Last week I grabbed lunch at Pizza Stop – one of my absolute, hands down, favorite food joints in Rochester. After placing my order and (stepping promptly to the right) I noticed a petition* taped to the countertop. It was asking the City of Rochester to provide compensation to downtown merchants who lost business during a lunchtime food truck/cart event the week before. The petition argued that the City’s promotion of the food trucks caused nearby brick & mortar shops to lose money…
For a moment my heart turned heavy and I nearly lost my appetite. This is a very complex issue – like having to choose between two really good friends. Is there no way for traditional restaurants to coexist with the rubber wheeled variety? I quietly asked myself, “would these Pizza guys banish me for life if they ever saw me chasing the Poutine truck down State Street?”
This also happens to be a very timely issue because the City of Rochester is hosting a public forum this Wednesday, August 20th. The City is looking to put a permanent food truck program in place by January 1, 2015 and they are seeking public comments regarding the current Food Truck Pilot Program .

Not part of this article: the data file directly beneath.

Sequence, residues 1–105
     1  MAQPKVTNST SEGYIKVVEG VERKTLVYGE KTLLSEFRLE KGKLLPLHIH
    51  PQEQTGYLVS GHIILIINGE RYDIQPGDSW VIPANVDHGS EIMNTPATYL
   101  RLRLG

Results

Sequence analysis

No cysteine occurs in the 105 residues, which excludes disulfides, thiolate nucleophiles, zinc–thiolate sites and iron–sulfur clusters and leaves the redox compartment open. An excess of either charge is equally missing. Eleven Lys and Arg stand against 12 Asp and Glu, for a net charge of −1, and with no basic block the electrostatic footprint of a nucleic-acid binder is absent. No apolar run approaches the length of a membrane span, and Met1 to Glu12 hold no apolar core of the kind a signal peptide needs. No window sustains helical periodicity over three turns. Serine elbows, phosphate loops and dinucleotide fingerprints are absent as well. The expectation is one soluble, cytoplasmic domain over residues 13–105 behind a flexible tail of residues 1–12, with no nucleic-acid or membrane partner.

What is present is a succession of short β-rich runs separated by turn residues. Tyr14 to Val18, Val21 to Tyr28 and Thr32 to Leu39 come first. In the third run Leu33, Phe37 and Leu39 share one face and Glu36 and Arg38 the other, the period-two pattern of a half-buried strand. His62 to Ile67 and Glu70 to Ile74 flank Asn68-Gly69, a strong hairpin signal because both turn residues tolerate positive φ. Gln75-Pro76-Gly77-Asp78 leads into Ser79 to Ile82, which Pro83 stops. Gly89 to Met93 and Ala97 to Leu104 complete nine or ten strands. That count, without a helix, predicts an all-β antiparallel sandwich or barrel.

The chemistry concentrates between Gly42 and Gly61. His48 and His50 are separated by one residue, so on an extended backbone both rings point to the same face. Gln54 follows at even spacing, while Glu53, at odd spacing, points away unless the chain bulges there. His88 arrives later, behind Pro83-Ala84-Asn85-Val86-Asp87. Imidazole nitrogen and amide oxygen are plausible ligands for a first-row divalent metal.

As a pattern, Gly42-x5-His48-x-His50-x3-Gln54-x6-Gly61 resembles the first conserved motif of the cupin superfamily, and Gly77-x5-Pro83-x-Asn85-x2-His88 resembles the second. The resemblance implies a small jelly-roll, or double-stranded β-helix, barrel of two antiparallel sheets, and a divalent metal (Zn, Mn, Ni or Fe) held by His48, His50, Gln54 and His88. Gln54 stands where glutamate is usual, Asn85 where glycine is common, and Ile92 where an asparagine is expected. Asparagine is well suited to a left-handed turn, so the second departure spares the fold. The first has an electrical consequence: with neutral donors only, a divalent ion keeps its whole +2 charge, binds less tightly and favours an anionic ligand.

Meanwhile, the Rochester Food Truck Alliance is pushing for additional changes to the program before that legislation goes into effect. Current regulations require food trucks to park in pre-determined, address-specific locations. The alliance of food truck owners would like more mobility, similar to the system currently in place in Buffalo.
In a recent statement, Elizabeth Clapp, co-owner of Le Petit Poutine and spokesperson for ROCFTA said, “We need city officials to see that food trucks are a way to enhance the Rochester landscape. What better way to do that than with comments from our food truck customers? … We are asking food truck fans to come to the meeting to show their support.”
That meeting will be held at City Hall, 30 Church Street, in room 302A on Wednesday 8/20, from 5-7pm.
But what do we do? Keep the trucks on a leash, or let them roam free? This is getting heavy. I’m slightly afraid to state my opinion outright for fear I might be greeted with a “NO SOUP FOR YOU” next time I dine out.
*In all fairness to Pizza Stop, the petition was also spotted at other downtown eateries.
Tags: Center City, downtown Rochester, Elizabeth Clapp, food trucks, Le Petit Poutine, Pizza Stop, public meeting, restaurants, Rochester, Rochester Food Truck Alliance (ROCFTA), Rochester restaurants, State Street
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